Informal Working, Survival Strategies and the Idea of an ‘Underclass’
Teesside — famous world-wide in the 1950s for its success in steel and chemical production — has in the 1980s and 1990s become notorious for its persistently high levels of unemployment and the socio-cultural problems which accompany mass joblessness. The locality is now probably better known as the ‘Car Crime Capital of Europe’ than for its proud industrial heritage. The securities of full employment just thirty years ago have given way to the uncertainties of massive economic collapse and the social changes have been so deep and farreaching that commentators such as Charles Murray now single out the place as home of what he calls the ‘New Rabble’ underclass (1994).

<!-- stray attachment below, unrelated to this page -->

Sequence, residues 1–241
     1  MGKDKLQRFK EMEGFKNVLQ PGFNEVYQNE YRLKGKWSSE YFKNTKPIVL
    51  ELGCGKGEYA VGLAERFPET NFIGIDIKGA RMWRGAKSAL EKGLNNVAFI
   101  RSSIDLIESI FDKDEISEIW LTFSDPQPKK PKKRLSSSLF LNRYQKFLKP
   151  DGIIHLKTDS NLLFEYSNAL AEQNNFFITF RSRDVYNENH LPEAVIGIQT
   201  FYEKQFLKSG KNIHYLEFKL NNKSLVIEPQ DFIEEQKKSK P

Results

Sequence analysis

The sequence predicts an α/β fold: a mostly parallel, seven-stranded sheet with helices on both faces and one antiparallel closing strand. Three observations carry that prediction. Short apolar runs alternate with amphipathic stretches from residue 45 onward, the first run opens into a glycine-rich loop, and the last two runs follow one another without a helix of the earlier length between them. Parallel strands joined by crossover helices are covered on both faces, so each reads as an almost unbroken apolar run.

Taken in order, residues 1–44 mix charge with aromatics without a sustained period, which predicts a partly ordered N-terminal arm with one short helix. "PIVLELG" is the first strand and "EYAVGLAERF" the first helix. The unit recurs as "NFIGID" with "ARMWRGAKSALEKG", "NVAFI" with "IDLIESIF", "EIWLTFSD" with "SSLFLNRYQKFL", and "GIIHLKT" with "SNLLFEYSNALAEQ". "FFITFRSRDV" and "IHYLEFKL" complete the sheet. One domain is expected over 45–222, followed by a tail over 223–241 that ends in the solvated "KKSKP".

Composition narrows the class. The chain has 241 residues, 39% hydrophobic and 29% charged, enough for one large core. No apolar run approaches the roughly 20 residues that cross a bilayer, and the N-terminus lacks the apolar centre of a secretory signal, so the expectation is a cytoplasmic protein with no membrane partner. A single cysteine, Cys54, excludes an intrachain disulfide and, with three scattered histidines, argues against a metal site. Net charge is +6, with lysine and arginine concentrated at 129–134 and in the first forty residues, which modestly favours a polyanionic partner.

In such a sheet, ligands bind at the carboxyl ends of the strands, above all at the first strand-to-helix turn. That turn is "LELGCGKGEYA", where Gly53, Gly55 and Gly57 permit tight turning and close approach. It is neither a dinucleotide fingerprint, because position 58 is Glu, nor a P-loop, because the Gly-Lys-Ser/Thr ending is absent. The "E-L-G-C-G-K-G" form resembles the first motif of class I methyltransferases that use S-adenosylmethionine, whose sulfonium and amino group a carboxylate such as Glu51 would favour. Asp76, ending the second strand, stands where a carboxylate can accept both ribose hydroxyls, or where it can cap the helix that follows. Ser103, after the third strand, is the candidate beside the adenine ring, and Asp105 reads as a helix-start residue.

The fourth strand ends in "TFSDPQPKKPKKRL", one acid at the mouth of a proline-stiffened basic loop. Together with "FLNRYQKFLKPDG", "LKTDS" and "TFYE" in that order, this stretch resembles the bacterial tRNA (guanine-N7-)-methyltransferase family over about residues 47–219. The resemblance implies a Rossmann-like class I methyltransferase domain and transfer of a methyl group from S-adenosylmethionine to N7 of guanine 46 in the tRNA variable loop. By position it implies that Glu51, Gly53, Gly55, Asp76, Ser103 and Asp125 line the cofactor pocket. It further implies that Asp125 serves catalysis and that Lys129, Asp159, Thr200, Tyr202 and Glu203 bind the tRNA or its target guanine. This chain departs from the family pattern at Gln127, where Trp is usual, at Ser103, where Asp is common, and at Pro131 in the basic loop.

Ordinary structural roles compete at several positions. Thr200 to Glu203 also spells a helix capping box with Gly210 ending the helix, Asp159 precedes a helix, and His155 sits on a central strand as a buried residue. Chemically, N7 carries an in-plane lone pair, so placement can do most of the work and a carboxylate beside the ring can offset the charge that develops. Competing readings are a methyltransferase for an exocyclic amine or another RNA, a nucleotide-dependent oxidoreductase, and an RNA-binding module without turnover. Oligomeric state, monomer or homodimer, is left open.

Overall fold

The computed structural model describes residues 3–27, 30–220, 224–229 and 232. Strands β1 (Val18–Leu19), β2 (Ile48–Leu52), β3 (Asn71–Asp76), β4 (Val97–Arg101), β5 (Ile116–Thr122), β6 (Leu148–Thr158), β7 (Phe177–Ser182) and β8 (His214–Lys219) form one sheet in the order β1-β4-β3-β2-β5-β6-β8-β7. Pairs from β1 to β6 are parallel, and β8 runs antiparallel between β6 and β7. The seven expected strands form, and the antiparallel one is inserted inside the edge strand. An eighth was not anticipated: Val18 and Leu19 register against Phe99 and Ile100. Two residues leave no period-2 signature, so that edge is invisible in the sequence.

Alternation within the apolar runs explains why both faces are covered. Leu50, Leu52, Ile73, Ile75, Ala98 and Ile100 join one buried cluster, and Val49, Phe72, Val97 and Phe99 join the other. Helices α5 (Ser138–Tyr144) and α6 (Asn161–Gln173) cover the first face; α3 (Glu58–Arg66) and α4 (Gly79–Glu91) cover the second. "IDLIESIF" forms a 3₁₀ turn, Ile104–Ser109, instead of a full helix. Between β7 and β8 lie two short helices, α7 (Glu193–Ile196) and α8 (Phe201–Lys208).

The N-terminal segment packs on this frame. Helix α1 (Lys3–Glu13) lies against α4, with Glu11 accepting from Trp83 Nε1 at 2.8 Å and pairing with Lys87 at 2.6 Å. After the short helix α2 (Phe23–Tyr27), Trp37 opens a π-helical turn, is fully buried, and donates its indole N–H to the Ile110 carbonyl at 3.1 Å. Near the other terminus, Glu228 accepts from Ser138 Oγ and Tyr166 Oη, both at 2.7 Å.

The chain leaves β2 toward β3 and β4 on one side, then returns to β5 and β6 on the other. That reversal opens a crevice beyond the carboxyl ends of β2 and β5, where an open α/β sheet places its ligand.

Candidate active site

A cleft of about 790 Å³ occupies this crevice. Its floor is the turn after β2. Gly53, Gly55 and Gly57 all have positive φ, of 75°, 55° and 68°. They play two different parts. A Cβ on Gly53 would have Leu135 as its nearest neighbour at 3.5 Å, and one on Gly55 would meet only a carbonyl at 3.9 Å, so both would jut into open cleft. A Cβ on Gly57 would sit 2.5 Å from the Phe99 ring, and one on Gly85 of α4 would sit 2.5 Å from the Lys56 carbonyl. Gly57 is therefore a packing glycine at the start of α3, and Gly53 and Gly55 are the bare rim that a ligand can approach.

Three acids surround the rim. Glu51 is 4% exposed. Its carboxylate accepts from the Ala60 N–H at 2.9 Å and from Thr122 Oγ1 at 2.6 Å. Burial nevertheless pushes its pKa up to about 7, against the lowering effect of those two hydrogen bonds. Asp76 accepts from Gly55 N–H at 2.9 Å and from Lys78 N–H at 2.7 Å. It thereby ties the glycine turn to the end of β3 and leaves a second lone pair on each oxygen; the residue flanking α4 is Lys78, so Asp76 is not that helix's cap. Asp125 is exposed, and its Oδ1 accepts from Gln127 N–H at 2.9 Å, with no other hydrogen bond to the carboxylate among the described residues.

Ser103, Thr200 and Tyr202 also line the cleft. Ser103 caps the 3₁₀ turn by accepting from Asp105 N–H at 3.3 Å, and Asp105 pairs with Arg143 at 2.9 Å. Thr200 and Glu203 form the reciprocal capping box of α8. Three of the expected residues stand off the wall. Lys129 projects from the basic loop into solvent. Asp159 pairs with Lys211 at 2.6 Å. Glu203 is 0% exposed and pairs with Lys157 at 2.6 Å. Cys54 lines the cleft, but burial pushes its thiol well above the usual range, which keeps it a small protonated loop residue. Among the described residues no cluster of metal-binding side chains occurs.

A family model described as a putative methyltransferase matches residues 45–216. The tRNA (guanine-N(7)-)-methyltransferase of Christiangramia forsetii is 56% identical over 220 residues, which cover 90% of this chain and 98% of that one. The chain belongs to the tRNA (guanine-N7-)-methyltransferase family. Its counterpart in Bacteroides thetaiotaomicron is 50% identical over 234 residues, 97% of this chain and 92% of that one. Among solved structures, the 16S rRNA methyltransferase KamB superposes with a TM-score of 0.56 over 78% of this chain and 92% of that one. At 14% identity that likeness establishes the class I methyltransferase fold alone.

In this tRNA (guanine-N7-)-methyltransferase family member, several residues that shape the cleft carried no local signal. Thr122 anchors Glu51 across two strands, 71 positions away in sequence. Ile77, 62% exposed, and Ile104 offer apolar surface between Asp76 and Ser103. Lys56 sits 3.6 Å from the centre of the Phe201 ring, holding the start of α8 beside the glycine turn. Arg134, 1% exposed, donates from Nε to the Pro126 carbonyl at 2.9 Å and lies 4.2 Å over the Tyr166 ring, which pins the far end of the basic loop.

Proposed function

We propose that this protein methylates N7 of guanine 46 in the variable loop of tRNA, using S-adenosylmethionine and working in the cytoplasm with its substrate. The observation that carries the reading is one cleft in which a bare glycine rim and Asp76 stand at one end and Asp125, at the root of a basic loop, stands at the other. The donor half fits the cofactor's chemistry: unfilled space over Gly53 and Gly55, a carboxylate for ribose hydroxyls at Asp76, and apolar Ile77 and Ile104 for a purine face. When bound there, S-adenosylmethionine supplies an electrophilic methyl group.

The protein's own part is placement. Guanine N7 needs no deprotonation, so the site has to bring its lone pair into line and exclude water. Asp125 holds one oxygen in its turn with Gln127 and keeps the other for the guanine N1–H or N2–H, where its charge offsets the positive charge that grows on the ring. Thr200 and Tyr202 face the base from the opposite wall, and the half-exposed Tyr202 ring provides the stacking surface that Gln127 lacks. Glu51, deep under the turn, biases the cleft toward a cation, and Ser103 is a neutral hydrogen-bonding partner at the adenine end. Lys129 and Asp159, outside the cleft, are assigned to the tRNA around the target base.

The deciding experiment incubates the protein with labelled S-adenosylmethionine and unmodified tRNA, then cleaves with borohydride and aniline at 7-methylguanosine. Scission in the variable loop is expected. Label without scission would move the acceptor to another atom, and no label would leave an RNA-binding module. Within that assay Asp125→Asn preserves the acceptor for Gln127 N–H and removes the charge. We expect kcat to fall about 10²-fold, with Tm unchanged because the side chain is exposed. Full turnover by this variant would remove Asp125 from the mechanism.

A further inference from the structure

KeywordsEurope Income Expense Sonal Rumania
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